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    I love you like a ball and chain

    Jason Kuznicki at Positive Liberty has posted a lengthy response to Maggie Gallagher’s guest posts at the Volokh Conspiracy on gay marriage (via Gay Orbit). Kuznicki’s commentary is worth reading in full, especially if you don’t want to have to slog through all the comments at the Volokh Conspiracy to figure out what the main counterarguments being offered are.

    I don’t feel like reproducing my last year and a half of effusion on the issue, especially since it’s all available under the marriage debate category on the left there. I do think that one of Kuznicki’s points is worth responding to anew, though:

    Meanwhile, Gallagher has also neglected the opposing argument, namely that same-sex marriages might actually strengthen the institution of heterosexual marriage. Although the empirical data on either side is scarce (and although this scarcity gives weight to the go-slow approach mentioned in the last comment I linked), still, I think there is at least a conceivable causal mechanism to explain why same-sex marriage might do a lot of good to the institution of heterosexual marriage: If we as a society send a message that marriage is a universal goal, one that admits of no exceptions and knows no gender lines, then it is reasonable to think that more people of all sexual orientations will want to get married.

    But if large numbers of people–gays and lesbians, for example–are told that they do not need marriage, or that marriage cannot help them, or that they are unworthy of the institution, then some marginal number of straight people, especially those who identify most closely with gays and lesbians, will almost certainly come to have contempt for the institution of marriage and to see it as antiquated or irrelevant.

    I’m perfectly willing to argue that homosexual relationships are no less moral than heterosexual relationships, that contribution to civilization in the form of the creation and upkeep of artifacts is just as important as contribution to civilization in the form of the creation and bringing up of children, and that the law should not be throwing obstacles in our paths when we try to care for our partners within the relationships we’ve chosen.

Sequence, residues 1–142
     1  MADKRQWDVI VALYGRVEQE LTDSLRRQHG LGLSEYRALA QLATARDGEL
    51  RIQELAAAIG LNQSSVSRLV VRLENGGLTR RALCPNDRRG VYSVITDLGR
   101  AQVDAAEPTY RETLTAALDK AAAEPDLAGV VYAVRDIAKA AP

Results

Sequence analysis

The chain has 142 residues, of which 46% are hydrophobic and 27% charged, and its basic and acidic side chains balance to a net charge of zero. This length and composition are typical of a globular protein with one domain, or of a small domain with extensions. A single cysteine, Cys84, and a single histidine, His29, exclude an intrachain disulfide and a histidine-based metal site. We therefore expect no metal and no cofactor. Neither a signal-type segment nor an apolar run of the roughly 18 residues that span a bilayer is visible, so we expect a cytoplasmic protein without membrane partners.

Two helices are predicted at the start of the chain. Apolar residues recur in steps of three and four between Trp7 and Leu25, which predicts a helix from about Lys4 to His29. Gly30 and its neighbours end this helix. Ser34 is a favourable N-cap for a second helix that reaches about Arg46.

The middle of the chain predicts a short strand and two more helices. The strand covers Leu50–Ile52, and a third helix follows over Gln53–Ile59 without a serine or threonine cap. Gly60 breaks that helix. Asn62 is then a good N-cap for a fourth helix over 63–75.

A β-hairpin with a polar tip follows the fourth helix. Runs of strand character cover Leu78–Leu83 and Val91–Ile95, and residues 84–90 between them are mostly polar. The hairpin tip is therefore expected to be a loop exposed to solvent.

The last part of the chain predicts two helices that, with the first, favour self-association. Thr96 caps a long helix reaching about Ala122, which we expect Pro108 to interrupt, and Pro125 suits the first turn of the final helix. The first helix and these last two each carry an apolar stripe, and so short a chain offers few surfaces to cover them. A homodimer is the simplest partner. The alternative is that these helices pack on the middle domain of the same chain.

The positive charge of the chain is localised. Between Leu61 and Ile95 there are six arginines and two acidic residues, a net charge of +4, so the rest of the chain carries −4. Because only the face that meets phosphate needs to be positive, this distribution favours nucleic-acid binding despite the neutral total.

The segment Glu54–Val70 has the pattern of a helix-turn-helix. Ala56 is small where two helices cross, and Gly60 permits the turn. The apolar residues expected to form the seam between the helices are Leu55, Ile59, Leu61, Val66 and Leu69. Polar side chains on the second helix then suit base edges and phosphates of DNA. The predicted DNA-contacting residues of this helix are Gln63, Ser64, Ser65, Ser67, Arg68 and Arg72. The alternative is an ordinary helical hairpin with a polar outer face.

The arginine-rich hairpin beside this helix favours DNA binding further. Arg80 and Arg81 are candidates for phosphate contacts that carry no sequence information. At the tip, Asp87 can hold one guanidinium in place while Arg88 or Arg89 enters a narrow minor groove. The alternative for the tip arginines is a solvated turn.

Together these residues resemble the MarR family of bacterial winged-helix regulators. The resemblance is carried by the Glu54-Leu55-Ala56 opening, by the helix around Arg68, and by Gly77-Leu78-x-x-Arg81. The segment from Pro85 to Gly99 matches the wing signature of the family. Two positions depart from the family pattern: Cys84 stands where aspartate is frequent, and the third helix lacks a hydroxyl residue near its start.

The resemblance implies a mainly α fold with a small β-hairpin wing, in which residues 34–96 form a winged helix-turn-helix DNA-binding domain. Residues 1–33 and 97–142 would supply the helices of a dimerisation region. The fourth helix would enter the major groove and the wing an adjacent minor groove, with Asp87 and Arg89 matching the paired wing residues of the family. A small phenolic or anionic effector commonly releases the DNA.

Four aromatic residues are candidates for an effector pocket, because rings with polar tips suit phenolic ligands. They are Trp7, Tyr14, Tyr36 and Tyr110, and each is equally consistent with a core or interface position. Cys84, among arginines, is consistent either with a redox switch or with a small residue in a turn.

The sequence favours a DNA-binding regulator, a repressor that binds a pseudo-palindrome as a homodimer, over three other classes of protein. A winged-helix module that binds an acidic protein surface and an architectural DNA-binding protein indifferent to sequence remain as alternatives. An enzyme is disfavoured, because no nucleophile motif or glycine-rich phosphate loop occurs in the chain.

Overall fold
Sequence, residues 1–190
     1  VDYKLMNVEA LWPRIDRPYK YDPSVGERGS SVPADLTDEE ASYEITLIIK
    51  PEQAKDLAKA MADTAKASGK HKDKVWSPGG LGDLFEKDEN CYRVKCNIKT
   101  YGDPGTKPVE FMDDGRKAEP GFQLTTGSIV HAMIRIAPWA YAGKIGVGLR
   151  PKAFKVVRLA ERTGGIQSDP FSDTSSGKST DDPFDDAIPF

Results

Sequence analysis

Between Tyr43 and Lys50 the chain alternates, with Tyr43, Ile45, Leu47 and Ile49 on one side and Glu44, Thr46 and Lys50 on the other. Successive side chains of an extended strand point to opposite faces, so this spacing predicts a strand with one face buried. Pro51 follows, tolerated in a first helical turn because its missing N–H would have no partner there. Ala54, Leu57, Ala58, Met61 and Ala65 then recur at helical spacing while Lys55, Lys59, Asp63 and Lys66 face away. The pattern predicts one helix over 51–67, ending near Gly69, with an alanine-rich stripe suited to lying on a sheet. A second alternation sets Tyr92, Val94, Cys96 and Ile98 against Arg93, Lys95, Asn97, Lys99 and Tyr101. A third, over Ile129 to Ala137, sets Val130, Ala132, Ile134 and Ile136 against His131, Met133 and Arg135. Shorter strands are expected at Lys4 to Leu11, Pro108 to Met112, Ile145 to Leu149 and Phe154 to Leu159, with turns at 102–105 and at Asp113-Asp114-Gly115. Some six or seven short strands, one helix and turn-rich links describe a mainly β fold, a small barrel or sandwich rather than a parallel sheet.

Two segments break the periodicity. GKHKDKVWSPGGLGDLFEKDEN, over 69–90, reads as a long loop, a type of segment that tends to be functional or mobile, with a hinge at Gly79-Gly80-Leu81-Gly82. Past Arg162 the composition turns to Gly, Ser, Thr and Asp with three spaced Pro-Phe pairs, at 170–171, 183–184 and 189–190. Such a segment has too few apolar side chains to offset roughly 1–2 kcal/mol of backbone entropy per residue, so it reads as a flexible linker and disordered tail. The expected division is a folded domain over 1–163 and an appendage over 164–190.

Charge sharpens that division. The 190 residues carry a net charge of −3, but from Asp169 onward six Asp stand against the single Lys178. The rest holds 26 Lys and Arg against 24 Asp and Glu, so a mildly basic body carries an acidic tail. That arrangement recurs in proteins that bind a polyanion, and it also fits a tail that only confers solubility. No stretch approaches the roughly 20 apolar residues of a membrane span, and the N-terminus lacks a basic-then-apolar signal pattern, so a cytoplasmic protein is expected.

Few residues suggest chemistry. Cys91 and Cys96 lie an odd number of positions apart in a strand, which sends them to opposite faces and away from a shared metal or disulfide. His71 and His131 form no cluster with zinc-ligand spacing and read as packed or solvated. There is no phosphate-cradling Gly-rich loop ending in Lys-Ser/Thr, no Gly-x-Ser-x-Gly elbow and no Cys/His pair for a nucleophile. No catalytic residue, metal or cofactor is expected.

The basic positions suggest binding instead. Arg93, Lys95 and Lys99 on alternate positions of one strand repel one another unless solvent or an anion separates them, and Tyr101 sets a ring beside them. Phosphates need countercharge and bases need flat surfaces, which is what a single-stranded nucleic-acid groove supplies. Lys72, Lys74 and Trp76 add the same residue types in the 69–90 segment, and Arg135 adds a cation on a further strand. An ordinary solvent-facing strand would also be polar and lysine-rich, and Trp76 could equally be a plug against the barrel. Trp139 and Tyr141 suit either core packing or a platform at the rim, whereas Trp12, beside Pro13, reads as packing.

However, I’ve always found the argument above, even in the carefully qualified way Kuznicki presents it, to be ridiculous. The vast majority of people do not view homosexuality and heterosexuality as the same; that’s true even among those who believe our relationships are just as valid (word of the week, apparently) as theirs. Despite all the changes in medicine and in the family structure over the last century, there simply remains no chance that a homosexual couple will suddenly finding itself producing a child that needs eighteen years of intensive looking-after. The number of people so bohemian in outlook that they regard their gay friends as facing the same real-life sex-related issues in all respects is so small that “marginal” hardly does it justice.

    My friends hardly constitute a scientific sample of the population–good thing for America we don’t!–but I doubt their attitude is untypical. A few years ago on our e-mail group, I tried to get a discussion about gay marriage going…and failed utterly. The replies were along the lines of “Of course, I think you and Atsushi should be able to get married–why the hell wouldn’t i?” Even so, my friends’ expressed preference has been for marriage; there have been a half-dozen weddings since we were in our late twenties. (The result, BTW, is that I’m now friends with [even] more Jews than I was in college: three of the girls converted in order to marry three of our Jewish buddies. Talk about populations that recruit!) If forced to choose between showing solidarity with gay friends and providing the most stable possible environment for their own children–assuming that’s the choice they actually have to make–most people are obviously going to side with their kids.

    6 Responses to “I love you like a ball and chain”

    1. Eric Scheie says:

      There seems to be a real, almost obsessive need to “prove” that opposition to same sex marriage constitutes bigotry. I don’t think this is the wisest way to argue anything, and I find myself wondering whether Maggie Gallagher is playing the role of a sort of political tar baby. The harsher the attacks against her, the more insecure her opponents look. (Not that ideologues would care…)